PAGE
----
The Government has delivered the Overseas Operations (Service Personnel and Veterans) Act to reduce the uncertainty faced by our service personnel and veterans around historical allegations during overseas operations
The legislation, which has gained Royal Assent in Parliament, provides stronger legal protections for service personnel and veterans facing the threat of repeated investigations and potential prosecution.
The Act delivers on the Government’s manifesto commitment to tackle vexatious claims and end the cycle of re-investigations against our Armed Forces.
Measures have been introduced in the Act in two parts – Part 1, which deals with criminal allegations and Part 2, which deals with civil claims.
Part 1 of the Act introduces a new triple lock that ensures the unique context of overseas operations is considered when decisions are being made about whether to prosecute for alleged historical criminal offences.
Part 2 prevents civil claims from being brought after six years if they relate to overseas operations. These measures will also reduce criminal investigations and re-investigations from late civil claims.
Together, both parts of the legislation will give greater certainty to service personnel and protect against endless legal claims decades after they return from an overseas operation.
Minister for Defence People and Veterans Leo Docherty said:
This is a landmark moment in defence as the Overseas Operation Bill achieves Royal Assent and I am proud to deliver on our manifesto commitment.
For too long, our brave service personnel and veterans have been subject to unfounded allegations after serving honourably and this legislation will give them the protection they need.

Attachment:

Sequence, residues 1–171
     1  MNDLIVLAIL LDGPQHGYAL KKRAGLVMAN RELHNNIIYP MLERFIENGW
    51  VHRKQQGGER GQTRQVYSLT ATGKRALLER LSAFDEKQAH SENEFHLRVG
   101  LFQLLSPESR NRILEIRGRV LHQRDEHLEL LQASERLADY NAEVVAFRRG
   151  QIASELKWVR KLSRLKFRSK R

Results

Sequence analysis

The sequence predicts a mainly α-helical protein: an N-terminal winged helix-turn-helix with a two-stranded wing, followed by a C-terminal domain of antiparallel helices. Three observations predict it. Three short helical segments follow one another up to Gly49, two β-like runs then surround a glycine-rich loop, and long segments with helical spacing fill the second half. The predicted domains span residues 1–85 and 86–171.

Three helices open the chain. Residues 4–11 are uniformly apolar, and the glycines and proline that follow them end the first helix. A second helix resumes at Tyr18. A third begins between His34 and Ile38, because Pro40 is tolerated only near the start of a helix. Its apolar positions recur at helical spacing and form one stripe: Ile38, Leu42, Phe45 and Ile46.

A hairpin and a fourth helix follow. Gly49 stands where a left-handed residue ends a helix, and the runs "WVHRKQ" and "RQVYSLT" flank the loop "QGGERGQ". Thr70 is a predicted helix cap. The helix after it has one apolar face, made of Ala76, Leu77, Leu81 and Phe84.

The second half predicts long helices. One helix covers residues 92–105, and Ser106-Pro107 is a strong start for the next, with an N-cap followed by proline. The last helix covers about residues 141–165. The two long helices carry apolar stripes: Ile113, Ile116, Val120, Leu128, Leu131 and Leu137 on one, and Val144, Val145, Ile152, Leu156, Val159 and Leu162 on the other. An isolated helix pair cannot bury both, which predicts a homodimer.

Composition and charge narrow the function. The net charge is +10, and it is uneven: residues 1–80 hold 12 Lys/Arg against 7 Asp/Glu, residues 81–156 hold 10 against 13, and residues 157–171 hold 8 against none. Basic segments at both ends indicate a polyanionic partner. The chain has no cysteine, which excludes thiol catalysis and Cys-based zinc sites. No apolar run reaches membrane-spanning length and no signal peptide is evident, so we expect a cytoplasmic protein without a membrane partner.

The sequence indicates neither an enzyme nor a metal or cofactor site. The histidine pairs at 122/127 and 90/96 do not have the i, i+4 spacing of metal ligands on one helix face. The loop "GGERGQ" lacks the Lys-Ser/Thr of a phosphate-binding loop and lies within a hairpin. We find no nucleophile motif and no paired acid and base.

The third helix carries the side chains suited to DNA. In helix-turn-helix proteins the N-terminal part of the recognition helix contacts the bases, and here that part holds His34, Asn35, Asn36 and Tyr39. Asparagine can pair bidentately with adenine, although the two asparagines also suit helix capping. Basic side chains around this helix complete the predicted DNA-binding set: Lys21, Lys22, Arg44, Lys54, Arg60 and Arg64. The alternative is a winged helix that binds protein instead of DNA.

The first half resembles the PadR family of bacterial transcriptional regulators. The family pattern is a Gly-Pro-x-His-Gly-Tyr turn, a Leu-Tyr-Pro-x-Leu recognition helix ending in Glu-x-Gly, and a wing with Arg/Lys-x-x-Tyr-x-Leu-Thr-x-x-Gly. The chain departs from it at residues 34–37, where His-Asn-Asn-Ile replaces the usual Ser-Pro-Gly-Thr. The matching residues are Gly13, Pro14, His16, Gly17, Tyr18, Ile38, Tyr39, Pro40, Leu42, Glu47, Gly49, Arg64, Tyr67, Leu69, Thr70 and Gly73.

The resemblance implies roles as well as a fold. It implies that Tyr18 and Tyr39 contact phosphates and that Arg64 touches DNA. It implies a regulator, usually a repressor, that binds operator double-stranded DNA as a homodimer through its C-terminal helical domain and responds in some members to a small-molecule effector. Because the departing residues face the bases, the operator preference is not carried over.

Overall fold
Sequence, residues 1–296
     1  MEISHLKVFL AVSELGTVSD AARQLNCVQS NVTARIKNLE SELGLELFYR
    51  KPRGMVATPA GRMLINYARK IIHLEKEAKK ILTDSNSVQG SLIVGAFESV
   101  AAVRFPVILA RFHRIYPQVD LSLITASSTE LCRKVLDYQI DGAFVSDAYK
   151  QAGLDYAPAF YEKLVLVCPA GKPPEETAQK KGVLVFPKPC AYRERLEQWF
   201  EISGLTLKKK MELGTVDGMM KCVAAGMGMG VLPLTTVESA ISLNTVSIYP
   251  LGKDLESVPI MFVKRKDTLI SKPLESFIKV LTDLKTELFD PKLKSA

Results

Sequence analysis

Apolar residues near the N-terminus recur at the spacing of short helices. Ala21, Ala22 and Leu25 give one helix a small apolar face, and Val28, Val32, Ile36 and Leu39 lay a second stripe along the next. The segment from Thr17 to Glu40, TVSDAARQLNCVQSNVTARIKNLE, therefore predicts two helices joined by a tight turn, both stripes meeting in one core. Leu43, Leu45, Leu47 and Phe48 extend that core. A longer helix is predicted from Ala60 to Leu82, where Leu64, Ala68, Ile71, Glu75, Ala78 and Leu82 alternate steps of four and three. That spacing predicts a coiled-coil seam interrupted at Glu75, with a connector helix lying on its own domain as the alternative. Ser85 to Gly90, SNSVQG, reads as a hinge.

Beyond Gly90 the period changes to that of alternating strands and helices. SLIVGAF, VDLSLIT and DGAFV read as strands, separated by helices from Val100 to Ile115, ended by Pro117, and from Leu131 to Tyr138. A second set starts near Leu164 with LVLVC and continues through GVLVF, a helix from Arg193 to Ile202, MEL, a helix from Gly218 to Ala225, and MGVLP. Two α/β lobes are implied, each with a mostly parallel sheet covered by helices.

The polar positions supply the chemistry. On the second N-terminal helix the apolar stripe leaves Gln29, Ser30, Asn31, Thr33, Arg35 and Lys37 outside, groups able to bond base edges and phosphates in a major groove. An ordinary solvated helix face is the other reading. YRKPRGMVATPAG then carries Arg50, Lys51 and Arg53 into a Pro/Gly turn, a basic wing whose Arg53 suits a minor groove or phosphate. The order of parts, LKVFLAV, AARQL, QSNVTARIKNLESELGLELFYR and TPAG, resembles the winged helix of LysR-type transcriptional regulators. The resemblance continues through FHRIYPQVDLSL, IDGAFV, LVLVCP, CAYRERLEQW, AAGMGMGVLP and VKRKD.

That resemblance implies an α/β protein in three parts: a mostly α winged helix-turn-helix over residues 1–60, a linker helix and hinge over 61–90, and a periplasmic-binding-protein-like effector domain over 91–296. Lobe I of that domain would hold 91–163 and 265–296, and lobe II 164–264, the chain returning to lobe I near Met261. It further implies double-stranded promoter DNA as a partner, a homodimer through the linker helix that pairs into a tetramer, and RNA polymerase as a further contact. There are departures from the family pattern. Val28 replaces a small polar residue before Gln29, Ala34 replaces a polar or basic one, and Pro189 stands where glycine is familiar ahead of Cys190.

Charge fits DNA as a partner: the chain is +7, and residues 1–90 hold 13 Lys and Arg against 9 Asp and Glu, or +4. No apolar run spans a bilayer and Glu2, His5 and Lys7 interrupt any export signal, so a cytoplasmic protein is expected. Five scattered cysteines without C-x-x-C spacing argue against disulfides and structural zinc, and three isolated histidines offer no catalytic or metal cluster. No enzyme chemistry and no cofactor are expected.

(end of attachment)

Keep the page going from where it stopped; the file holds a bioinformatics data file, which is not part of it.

I hope today’s announcement provides those who have served and their families with the reassurance they so richly deserve.
The Overseas Operations Bill was introduced in March 2020 after operations in Iraq and Afghanistan gave rise to an unprecedented number of legal claims. The Iraq war in particular saw a claims industry spring up where unscrupulous lawyers promised individuals they would be financially rewarded if they made allegations of wrongdoing against service personnel.
This contributed to nearly 1,000 compensation claims against the MOD for unlawful detention, injury and death, as well as 1,400 judicial review claims seeking investigations and compensation for human rights violations. While legitimate claims were rightly investigated, and always will be, this series of drawn-out investigations and litigation has cast a shadow over the lives of innocent personnel and veterans living with such uncertainty.
Around 70 per cent of allegations received by the independent Iraq Historic Allegations Team were dismissed as there was no case to answer.
The substantive measures of the Overseas Operations Act will come into effect following the opening of the new Parliament.